BOSTON — A rapid increase in the number of tick-borne illnesses, particularly in the Northeast but in other parts of the country as well, has public health specialists concerned.
Of particular concern is Lyme disease, an illness first identified during an epidemic in Lyme, Conn., in 1975, which sometimes leads to long-term heart disease and arthritis. Since its identification, Lyme disease has been found in 14 states mostly concentrated in the Northeast, upper Midwest and the Pacific Coast.
Also of concern is babesiosis, a generally mild illness that can turn deadly when victims are 60 years or older, especially if their spleens have been removed or are malfunctioning.
"We're beginning to see thousands of cases a year," said Dr. Andrew Spielman, a professor of tropical public health at the Harvard School of Public Health, who is the leading authority on the transmission of these two diseases.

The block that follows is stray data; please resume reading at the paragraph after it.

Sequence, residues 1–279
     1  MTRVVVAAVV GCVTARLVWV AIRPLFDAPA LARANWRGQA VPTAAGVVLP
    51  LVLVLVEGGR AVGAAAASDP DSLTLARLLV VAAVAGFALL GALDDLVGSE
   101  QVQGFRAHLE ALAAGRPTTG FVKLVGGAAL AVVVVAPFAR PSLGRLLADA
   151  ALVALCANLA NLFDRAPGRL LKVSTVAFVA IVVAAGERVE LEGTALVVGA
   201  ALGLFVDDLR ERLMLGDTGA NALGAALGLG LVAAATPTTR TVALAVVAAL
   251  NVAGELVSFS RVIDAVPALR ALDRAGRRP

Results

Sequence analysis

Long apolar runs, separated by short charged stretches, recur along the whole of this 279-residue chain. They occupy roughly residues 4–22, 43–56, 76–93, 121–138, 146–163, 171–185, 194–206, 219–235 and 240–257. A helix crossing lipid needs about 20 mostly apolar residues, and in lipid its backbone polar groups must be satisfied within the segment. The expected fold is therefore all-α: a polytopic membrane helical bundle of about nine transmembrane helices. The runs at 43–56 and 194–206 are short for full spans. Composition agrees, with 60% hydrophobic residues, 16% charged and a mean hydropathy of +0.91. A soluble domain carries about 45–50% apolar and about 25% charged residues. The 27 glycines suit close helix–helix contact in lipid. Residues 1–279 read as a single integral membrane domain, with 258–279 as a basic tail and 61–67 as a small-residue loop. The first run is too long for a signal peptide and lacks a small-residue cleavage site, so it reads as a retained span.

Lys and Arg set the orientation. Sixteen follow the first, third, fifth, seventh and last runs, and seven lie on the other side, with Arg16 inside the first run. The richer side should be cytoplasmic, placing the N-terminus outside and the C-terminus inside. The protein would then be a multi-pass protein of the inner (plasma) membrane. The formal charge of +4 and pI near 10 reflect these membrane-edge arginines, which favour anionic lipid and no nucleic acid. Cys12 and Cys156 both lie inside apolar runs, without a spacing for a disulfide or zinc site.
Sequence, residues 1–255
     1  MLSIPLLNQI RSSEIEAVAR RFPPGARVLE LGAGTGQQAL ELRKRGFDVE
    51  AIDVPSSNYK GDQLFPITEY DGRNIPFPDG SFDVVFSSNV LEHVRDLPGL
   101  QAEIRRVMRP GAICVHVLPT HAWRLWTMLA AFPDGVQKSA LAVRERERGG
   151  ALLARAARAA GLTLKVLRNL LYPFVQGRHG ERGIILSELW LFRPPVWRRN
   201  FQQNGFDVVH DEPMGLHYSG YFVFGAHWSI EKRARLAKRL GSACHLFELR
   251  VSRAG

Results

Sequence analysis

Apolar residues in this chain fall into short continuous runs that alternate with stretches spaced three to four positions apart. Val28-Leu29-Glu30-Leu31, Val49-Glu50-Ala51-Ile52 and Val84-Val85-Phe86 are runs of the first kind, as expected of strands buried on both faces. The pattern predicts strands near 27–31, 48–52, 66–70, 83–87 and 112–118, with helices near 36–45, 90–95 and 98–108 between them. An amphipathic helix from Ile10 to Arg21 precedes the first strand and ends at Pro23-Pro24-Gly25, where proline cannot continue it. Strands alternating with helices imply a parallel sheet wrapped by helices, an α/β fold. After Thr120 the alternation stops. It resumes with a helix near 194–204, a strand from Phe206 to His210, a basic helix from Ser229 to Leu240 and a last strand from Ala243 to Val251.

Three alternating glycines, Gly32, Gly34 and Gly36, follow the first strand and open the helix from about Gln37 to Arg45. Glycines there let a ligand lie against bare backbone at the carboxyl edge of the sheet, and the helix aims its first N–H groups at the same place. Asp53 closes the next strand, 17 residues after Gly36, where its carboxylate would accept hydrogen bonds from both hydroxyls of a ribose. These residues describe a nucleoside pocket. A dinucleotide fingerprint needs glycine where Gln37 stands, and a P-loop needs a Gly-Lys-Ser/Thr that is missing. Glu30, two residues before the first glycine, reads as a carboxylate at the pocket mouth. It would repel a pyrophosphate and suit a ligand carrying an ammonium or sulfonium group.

Both are transmitted to humans by the Northern deer tick, which lives its adult life on deer.
The tick's dependence on deer explains why the disease is becoming more common. By the turn of the century, the northern deer had almost been eliminated from the Northeast because the area's forests had been cut down for farming. As farming became less common in the Northeast, the forests regrew and the deer became abundant once again.
Other ticks are spreading common tick-borne diseases such as equine encephalitis, Rocky Mountain spotted fever and canine heart worm, which may be transmitted to humans by mosquito.
"They appear with alarming regularity in New England and some are deadly," said an article in the Health Sciences Report, published by the Harvard School of Public Health. "Disastrous epidemics are possible, in the view of health authorities and Harvard scientists."
"The potential for epidemics of animal-to-man disease is increased by current adaptations by wildlife," said Spielman. "Raccoons and skunks have become more numerous in the cities of the Northeast. Opossums, once seen only in the South, are becoming adapted to New England.
"Even the desert armadillo, host of leprosy, is extending its range into colder and moist regions. The new non-human residents of the Northeast threaten to share their diseases with the human inhabitants."